Dublin Bus staff to have terms and conditions restored ahead of schedule

Controversial 19-month cost-saving plan was scheduled to run until the summer

A dispute over cost-saving plans at Dublin Bus led to a three-day strike at the company in August 2013

A dispute over cost-saving plans at Dublin Bus led to a three-day strike at the company in August 2013

 

Cuts to terms and conditions for staff at Dublin Bus are to be reversed much earlier than anticipated.

The controversial 19-month cost-saving plan was scheduled to run until the summer. However, the measures, including cuts to overtime, Sunday and premium rates, are to be ended early on a phased basis following the company’s return to profitability.

The National Bus and Rail Union (NBRU) told members following a meeting with management that the company would meet various grades of staff shortly to outline “a phased re-introduction of terms and conditions beginning in mid-March”.

Dublin Bus said it met with unions representing staff in the company to discuss the implementation of the Labour Court recommendation (on cost-saving measures), which was scheduled to expire in June 2015.

“The reinstatement of certain terms and conditions contained within that recommendation will be discussed between Dublin Bus and the trade unions. “

The company, in its statement, did not comment on its specific plans for the restoration of terms and conditions.

A dispute over cost-saving plans at Dublin Bus led to a three-day strike at the company in August 2013, following an attempt by management to implement changes to work practices without agreement.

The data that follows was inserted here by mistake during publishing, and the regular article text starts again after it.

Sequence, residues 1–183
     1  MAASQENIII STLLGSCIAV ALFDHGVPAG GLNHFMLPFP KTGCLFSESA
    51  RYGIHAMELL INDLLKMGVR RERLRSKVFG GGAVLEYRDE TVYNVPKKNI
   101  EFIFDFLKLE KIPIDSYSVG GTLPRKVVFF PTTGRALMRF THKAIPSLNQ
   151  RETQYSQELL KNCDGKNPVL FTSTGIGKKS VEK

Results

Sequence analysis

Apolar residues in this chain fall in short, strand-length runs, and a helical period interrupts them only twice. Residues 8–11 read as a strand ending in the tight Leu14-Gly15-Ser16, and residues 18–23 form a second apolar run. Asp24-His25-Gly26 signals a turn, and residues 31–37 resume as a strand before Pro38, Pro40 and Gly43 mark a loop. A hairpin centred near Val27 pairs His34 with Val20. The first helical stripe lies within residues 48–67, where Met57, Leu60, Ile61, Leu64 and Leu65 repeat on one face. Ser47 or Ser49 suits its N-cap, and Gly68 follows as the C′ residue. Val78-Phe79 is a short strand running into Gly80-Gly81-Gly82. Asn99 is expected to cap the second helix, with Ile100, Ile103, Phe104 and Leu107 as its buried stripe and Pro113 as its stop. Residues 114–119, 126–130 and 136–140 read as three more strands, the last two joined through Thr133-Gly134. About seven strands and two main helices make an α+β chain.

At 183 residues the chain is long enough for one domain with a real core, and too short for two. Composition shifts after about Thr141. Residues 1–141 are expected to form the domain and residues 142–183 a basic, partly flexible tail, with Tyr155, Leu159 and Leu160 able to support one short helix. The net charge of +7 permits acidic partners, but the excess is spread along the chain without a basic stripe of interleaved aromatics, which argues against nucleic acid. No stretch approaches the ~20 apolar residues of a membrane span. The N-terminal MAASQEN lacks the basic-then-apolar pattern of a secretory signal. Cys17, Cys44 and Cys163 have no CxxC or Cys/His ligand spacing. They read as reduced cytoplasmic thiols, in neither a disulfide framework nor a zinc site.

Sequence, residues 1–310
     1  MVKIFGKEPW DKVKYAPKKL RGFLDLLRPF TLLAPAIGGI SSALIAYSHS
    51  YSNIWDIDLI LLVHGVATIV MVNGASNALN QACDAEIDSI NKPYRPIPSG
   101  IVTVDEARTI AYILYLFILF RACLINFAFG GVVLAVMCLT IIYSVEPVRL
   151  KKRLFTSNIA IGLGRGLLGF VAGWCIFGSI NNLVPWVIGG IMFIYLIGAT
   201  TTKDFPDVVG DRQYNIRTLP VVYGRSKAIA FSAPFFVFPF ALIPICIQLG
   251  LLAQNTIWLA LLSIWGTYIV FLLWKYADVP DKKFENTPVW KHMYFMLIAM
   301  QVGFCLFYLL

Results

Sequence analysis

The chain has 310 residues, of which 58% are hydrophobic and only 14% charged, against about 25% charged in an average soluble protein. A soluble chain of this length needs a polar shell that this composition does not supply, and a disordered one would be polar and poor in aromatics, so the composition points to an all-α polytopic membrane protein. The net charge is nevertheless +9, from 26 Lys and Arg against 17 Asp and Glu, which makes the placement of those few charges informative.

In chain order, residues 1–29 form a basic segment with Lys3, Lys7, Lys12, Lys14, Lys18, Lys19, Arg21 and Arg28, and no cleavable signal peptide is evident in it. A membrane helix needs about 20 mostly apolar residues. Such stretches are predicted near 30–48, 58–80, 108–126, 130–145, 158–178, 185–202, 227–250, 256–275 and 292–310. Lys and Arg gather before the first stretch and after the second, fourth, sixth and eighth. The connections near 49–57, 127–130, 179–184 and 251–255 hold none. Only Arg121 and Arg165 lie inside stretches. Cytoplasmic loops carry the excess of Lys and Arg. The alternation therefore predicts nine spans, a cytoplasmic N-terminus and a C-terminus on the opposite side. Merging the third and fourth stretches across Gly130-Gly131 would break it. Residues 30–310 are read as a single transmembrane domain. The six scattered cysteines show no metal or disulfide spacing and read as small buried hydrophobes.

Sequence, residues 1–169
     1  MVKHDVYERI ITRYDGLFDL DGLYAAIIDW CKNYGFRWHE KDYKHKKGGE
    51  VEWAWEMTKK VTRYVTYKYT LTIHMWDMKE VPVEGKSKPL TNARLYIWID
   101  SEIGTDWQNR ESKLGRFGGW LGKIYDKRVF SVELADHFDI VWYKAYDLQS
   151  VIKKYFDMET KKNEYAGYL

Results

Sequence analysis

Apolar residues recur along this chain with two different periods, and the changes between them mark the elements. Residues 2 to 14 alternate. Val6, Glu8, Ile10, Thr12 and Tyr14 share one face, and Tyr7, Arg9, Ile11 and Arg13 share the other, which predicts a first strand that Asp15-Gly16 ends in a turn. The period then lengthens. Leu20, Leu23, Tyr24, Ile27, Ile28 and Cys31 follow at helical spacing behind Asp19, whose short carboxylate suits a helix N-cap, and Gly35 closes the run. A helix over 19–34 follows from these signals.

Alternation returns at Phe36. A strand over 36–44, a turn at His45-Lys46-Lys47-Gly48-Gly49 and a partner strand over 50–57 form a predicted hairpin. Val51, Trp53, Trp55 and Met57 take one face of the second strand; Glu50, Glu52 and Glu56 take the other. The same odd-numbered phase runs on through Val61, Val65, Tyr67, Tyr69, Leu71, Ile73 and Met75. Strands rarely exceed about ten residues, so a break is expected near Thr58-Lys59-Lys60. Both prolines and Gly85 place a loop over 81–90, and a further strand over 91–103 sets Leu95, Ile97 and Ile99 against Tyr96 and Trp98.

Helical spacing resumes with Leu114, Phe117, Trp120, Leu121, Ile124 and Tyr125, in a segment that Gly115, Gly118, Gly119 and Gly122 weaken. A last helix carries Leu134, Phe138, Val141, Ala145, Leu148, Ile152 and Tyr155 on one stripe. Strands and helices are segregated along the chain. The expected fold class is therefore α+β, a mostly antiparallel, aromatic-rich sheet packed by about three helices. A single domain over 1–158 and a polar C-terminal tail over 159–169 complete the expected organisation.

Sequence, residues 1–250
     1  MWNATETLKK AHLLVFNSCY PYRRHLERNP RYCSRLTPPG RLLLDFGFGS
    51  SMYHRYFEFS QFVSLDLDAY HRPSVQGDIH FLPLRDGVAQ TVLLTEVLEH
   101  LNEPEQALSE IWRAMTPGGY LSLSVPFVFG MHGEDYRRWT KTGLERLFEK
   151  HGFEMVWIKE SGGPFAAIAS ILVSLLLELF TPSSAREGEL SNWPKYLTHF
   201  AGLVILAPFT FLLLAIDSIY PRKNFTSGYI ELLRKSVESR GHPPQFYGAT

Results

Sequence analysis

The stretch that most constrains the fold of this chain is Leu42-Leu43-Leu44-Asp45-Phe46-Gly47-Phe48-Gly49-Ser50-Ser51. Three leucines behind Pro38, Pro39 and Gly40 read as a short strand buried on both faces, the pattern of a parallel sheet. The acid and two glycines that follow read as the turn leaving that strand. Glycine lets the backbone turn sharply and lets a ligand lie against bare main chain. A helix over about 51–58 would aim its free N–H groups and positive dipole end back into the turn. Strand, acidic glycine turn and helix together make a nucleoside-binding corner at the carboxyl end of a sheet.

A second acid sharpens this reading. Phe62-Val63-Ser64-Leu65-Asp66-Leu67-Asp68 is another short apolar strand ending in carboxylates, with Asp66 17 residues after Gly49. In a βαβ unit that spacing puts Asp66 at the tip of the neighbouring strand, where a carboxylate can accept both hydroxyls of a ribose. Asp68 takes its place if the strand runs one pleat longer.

Ultimately, a cost-saving plan was put in place towards the end of 2013.

The NBRU said it had written to Dublin Bus management several weeks ago pointing out that the Labour Court recommendation on the cost-saving plan provided for an acceleration clause which would give effect to an early restoration of the terms and conditions to all staff if the company returned to profitability.

The union said in its note to members that it had reminded management that a separate pay claim which it had submitted to the company last April also needed to be addressed.

As part of this claim, the union is seeking the payment of two outstanding increases dating back to a previous national agreement – a 3.5 per cent increase due from April 1st, 2009, and 2.5 per cent from October 1st, 2009.

Figures published last year showed that Dublin Bus had recorded a net surplus of €500,000, compared with a deficit of €3.8 million in 2012.

Cash fares on Dublin Bus rose by more than 7 per cent last November. In 2013, Dublin Bus announced fare increases of more than 10 per cent. In 2012 the increases were in excess of 18 per cent and in 2011 prices jumped by more than 20 per cent.